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From March Madness to March Sadness
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Forsyth County News
Haven’t you missed March Madness?

This year’s tournament has been such a letdown, we might as well call it March Sadness.

Where have all the upsets gone? The wire jobs? The Cinderellas streaking into the Sweet Sixteen — never mind the Elite Eight or Final Four? Where are all those special finishes, the games that made March Madness such a can’t-miss spectacle in years past?

Try checking the highlight reels from old tournaments. You could go blind searching for riveting games in this year’s Tournament. Only six of 32 first round games produced victory margins within three points. But of those six games, only two featured winning teams scoring more than 65 points. Not what you’d call gripping excitement.

Two were overtime games, with the most rousing being Siena’s double-overtime defeat of Ohio State. Sadly, this was the late game on Friday, defying anyone in the Eastern Time zone to be awake at the finish.

The other excellent opening round contest, Oklahoma State’s 77-75 win over Tennessee, played out in Friday’s early time slot. Despite the tanking economy, the vast majority of tournament fans found themselves preoccupied with work during this thriller.

Normally, you’d expect better games in the second round, once you’ve weeded out a number of the double-digit seeds. Not this year. The average margin of victory in round two was 10.93 points. Out of 16 games, exactly two produced results closer than four points.

Sunday’s second half of round two proved as exciting as watching paint dry. Exactly half of the games resulted in double-digit wins. While that was down from Saturday’s five, the only compelling action was Missouri’s 83-79 win over Marquette.

Even the Sweet Sixteen proved a sour experience. Once again, just when you thought the games would get better, they got worse. By a wide margin, too, the average win being 16.13 points.

Besides North Carolina busting Gonzaga by 23, and Villanova blasting Duke by 21, there was Louisville edging Arizona, 103-64. Only two of eight games produced results closer than 11 points, and neither went to the buzzer.

The regional finals offered improvement, however slight. Carolina and Michigan State each posted 12-point wins, and UConn imposed its will on Missouri by seven.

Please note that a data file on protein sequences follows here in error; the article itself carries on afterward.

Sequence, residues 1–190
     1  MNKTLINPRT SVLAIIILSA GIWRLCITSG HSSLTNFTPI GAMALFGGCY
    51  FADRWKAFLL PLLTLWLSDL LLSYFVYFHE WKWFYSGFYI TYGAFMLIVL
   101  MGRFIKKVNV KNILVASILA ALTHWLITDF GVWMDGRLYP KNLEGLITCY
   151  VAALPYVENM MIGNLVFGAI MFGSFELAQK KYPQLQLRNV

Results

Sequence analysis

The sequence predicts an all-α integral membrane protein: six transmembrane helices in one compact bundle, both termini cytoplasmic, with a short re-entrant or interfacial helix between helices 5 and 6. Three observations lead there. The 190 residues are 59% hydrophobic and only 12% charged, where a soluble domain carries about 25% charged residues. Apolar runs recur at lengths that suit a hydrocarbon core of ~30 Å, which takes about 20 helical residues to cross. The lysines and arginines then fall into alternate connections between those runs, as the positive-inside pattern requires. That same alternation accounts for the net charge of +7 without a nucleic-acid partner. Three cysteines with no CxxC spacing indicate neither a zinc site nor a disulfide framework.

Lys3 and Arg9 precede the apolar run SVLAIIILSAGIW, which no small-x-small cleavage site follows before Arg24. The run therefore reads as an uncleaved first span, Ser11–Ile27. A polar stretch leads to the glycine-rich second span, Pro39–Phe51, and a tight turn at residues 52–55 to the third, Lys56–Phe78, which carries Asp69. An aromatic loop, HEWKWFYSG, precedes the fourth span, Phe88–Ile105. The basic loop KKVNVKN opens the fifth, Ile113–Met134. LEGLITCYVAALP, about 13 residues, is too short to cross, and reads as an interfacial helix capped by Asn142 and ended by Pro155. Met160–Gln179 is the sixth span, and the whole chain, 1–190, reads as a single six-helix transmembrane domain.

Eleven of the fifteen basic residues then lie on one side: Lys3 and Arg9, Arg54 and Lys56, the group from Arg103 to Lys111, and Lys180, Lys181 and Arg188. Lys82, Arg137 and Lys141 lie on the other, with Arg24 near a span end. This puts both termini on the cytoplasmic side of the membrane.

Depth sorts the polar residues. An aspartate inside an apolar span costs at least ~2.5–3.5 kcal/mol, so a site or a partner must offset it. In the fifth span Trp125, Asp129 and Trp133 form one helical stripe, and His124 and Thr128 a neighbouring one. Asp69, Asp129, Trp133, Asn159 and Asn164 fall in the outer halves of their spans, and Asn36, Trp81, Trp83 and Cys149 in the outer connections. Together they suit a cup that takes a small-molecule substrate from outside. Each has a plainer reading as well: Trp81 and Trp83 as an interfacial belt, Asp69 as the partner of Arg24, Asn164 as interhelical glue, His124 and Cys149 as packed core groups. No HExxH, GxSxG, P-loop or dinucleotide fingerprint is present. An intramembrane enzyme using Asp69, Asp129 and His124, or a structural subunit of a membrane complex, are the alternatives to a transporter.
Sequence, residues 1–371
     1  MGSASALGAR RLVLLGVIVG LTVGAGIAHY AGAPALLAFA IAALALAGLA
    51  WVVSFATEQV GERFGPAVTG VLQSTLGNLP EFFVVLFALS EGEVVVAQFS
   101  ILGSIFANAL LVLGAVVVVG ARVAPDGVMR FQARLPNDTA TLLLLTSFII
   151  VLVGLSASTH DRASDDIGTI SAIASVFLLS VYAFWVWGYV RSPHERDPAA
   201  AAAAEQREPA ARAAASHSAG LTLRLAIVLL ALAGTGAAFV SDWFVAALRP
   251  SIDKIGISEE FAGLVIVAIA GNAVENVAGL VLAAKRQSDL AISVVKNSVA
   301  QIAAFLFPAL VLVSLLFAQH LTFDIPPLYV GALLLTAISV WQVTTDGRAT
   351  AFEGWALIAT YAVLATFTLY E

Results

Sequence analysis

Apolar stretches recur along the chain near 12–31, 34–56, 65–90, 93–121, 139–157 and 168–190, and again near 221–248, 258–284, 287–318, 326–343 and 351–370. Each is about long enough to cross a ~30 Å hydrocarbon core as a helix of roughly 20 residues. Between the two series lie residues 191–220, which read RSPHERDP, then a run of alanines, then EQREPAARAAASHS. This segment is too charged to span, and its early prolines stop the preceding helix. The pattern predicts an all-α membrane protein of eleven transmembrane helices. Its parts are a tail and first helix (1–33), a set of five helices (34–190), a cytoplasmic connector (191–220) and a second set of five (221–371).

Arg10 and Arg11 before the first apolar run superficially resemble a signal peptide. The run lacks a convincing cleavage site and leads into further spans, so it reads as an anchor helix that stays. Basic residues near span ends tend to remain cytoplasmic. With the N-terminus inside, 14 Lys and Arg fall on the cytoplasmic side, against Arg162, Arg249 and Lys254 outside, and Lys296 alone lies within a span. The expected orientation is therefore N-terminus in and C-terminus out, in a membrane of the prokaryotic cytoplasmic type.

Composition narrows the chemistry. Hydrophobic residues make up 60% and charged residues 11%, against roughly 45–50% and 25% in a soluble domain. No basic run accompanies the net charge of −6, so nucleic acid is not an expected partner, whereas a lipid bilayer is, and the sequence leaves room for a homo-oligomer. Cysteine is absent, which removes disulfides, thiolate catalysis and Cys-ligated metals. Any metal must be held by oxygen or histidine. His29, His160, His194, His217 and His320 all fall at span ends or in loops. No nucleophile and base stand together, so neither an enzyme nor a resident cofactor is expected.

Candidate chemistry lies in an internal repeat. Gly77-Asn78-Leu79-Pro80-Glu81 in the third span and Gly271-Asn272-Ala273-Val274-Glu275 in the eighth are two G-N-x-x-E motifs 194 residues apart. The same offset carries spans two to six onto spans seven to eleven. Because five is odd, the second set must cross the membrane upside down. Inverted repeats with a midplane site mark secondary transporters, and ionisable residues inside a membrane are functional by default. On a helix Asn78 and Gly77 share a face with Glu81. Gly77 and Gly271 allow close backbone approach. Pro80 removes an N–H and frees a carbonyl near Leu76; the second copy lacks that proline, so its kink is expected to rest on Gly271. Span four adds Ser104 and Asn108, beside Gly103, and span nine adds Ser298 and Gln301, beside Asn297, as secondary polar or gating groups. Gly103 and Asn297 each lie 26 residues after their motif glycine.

Only Villanova and Pittsburgh produced a true wire job. Though the outcome was engrossing, the play itself wasn’t. This was a brawl game. Had the referees called every foul committed, the game would have ended as a three-on-three contest.

Honestly, by the time Carolina got Oklahoma down by 19 on Sunday, I had seen enough dull basketball. The Harry Caray remembrance on PBS was more enjoyable theater.     

Some of this may be the luck of the draw, but maybe it’s a trend. Last year, the Final Four featured all four No. 1 seeds. This year, we have two 1s, a 2 and a 3.

So, what needs to be done to shake up the tournament, and replace the sadness with madness once again?

Increase the field to 68 teams. This gives great exposure to eight smaller schools, and provides each top seed with an opponent that hasn’t been idle for a few weeks. Two nights of prime-time doubleheaders to kick off the tournament, with a little added revenue courtesy of ESPN. Plus, you open up three more tournament slots for affirmative action. Make it mandatory that the smaller conferences get at least eight at-large bids to the tournament. Here’s where the upsets went: only four at-large bids went to non-BCS conferences this year. That’s the fewest this decade, down from 12 a few years ago.

Of those four, Xavier made the Sweet Sixteen, Dayton won its opener, and Butler played LSU to the wire. Brigham Young lost to Texas A & M after the Aggies canned their first 10 shots.

Maybe its time to help the “little guys” overcome their overall conference schedule strength and their difficulty in scheduling the “big guys.” Or would you rather watch two seventh-place BCS-conference entries square off?

Revisit tournament scheduling. Yes, everyone knows the top seeds. But that doesn’t mean we want to see UConn beating UTC by 56 in its opener. Take the No. 8 vs. No. 9 seeds, and the No. 7 vs. No. 10 games, and give them the prime time slots. This year, the only No. 8 vs. No. 9 game decided by more than four points was the BYU- A & M affair.

Revisit the CBS contract. Require close contests be shown in lieu of blowouts. Why were we force-fed Carolina wailing on Gonzaga instead of getting Michigan State’s thrilling win over Kansas? Has Chapel Hill suddenly moved nearby?